In the second half of the talk, I describe some of the main obstacles for proving adaptive performance bounds for bandit problems. In particular, I show how the most powerful tools for proving adaptive bounds for the full information case break down in the bandit case, suggesting that the possibilities for learning faster from easy data may be much more limited in partial-information settings than in full-information problems.
Cheng Tang and Claire Monteleoni. Scalable constant k-means approximation via heuristics on well-clusterable data. [ spotlight | paper ]
Shai Ben-David. Clustering is easy when . . . what?. [ paper ]
Aymeric Dieuleveut and Francis Bach. Adaptativity of stochastic gradient descent. [ spotlight | paper ]
Mehryar Mohri and Scott Yang. Accelerating optimization: Pre-empting the leader via adaptive prediction. [ spotlight | paper ]
Zhe Li, Tianbao Yang, Lijun Zhang, and Rong Jin. A two-stage approach for learning a sparse model with sharp excess risk analysis. [ spotlight | paper ]
Manfred K. Warmuth and Jiazhong Nie. Measuring the “on-lineness” of data streams. [ spotlight | paper ]
Wojciech Kotłowski. Minimax strategy for prediction with expert advice under stochastic assumptions. [ spotlight | paper ]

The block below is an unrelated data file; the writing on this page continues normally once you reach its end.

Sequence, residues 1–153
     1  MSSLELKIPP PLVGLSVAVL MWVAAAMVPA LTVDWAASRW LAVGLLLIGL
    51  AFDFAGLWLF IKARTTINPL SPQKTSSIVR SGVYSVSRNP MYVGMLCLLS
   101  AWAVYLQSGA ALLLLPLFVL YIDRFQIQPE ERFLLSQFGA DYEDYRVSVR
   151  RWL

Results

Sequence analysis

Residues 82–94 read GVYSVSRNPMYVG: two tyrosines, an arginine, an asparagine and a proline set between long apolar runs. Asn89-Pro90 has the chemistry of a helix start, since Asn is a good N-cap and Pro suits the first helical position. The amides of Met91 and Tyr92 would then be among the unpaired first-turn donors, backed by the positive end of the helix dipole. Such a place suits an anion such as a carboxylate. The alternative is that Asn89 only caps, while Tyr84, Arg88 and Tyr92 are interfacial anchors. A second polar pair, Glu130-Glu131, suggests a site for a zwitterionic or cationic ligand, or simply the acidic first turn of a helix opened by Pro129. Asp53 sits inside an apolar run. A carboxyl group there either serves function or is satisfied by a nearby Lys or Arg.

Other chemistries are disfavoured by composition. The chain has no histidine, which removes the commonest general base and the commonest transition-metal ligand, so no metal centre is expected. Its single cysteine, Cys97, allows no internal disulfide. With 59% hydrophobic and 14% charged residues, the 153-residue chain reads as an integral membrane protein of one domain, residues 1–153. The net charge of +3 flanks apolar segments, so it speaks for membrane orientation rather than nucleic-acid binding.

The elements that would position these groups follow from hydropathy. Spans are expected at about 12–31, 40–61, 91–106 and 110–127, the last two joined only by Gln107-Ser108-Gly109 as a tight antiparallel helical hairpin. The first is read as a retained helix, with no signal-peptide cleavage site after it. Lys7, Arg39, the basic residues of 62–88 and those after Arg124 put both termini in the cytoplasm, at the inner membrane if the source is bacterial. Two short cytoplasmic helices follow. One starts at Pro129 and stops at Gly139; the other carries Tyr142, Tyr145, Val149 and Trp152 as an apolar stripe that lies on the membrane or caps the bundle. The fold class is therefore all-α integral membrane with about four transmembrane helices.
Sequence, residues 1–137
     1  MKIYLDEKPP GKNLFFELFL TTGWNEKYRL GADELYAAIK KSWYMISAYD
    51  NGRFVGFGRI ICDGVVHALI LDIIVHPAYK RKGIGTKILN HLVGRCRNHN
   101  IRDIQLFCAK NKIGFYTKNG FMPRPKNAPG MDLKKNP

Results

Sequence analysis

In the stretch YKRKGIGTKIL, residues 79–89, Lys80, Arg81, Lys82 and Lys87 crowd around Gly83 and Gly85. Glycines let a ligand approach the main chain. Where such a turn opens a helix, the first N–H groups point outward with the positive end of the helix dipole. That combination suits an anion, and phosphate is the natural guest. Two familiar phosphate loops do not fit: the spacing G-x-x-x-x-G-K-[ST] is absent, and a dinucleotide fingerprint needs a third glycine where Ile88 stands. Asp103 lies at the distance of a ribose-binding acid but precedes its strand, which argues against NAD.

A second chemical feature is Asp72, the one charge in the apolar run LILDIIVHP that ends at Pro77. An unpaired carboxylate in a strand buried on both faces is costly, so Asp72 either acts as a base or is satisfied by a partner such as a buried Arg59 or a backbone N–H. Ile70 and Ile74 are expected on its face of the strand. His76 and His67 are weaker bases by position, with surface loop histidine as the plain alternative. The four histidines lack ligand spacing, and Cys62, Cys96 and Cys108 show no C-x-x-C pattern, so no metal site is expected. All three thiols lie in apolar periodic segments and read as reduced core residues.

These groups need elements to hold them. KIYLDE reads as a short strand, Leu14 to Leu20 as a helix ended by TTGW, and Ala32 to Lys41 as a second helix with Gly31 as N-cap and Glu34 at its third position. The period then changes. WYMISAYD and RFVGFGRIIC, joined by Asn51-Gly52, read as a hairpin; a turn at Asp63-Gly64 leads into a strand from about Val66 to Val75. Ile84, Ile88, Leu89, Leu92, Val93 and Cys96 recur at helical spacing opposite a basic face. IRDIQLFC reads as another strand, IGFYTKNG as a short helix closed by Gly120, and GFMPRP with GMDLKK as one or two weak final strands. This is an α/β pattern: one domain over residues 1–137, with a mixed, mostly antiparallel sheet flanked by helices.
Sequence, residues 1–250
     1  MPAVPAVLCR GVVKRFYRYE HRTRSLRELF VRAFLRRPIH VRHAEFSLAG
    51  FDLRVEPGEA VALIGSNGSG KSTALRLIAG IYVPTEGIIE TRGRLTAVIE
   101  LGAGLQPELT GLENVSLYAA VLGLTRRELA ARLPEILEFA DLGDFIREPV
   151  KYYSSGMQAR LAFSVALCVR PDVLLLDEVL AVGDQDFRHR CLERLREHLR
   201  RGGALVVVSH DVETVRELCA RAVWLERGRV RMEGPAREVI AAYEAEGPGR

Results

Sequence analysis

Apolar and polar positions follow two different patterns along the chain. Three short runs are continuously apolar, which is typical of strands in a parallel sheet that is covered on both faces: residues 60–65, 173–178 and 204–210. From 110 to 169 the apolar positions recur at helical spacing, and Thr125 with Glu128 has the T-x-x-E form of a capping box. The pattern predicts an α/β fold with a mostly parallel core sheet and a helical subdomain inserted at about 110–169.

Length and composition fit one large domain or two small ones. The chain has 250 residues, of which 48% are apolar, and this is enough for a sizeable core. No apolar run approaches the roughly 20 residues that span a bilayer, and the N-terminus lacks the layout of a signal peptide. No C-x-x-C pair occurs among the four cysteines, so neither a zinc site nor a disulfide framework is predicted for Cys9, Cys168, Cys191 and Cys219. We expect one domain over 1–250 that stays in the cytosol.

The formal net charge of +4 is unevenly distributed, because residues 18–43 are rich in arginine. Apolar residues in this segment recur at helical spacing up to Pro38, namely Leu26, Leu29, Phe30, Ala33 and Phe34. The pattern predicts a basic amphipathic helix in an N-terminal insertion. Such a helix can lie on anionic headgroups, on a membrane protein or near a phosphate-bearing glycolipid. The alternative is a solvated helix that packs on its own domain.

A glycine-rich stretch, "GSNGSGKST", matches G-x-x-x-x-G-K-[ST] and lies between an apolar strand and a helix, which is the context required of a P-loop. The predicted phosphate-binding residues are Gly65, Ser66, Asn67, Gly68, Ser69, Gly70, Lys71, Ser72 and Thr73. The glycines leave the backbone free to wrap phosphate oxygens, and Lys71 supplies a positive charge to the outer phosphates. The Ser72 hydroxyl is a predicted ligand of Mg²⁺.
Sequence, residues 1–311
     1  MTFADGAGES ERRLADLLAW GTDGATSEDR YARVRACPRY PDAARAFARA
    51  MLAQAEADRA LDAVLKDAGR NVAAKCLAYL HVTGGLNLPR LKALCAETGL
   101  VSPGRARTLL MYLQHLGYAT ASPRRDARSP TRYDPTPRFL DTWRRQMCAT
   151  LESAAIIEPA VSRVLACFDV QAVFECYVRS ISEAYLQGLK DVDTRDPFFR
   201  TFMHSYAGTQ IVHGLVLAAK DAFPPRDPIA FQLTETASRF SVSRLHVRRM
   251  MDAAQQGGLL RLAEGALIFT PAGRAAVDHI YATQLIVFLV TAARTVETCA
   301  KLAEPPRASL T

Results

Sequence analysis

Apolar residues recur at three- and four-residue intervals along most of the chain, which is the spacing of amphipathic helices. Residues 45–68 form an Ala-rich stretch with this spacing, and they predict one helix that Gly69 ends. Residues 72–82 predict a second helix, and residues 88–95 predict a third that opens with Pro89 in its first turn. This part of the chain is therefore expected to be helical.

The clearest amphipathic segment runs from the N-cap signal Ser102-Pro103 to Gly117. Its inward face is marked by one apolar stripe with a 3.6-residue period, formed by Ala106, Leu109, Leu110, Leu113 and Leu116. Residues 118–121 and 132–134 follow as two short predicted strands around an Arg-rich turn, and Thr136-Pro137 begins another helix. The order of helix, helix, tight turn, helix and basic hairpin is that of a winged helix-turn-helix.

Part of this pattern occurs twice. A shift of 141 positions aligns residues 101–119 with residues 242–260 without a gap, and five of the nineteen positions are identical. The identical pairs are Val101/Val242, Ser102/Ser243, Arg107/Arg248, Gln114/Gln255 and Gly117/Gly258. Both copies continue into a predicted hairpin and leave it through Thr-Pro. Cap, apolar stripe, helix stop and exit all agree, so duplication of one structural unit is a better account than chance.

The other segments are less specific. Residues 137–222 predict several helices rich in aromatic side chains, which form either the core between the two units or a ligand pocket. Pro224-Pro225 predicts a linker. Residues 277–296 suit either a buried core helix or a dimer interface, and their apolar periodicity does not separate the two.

Vu Dinh, Lam Si Tung Ho, Nguyen Viet Cuong, Duy Nguyen, and Binh T. Nguyen. Learning from non-iid data: Fast rates for the one-vs-all multiclass plug-in classifiers. [ spotlight | paper ]
Michał Dereziński and Badri Narayan Bhaskar. Anticipating concept drift in online learning. [ spotlight | paper ]
Mehryar Mohri and Scott Yang. Data-dependent algorithms for bandit convex optimization. [ spotlight | paper ]
Ruitong Huang, András György, and Csaba Szepesvári. Easy data for independent component analysis. [ spotlight | paper ]
Akshay Balsubramani and Yoav Freund. Aggregating binary classifiers with general losses. [ spotlight | paper ]
From | To | What |
9.00 | 9.30 | Introduction by organizers [slides] |
9.30 | 10.00 | Invited talk: Shai Ben-David Clustering is Easy When . . . What? [slides] (replaces Peter Auer) |
10.00 | 10.30 | COFFEE BREAK |
10.30 | 11.00 | Invited talk: Aarti Singh Tsybakov noise adaptive margin-based active learning [slides] |
11.00 | 11.30 | Invited talk: Dylan Foster Adaptive Online Learning [slides] |
11.30 | 12.00 | Poster spotlights I |
12.00 | 14.30 | LUNCH BREAK |
14.30 | 15.00 | Invited talk: Peter Grünwald Easy Data [slides] |
15.00 | 15.30 | Invited talk: Satyen Kale Optimal and Adaptive Online Boosting Algorithms [slides] |
15.30 | 16.00 | Poster spotlights II |
16.00 | 16.30 | POSTERS + COFFEE BREAK |
16.30 | 17.00 | Poster session |
17.00 | 17.45 | Invited talk: Gergely Neu On adaptive regret bounds for non-stochastic bandits [slides] |
17.45 | 18.30 | Panel discussion |
Tim van Erven, Universiteit Leiden, The Netherlands
Wouter M. Koolen, Centrum Wiskunde & Informatica, Amsterdam, The Netherlands
Please feel free to contact us if you have any questions: easydata2015@timvanerven.nl.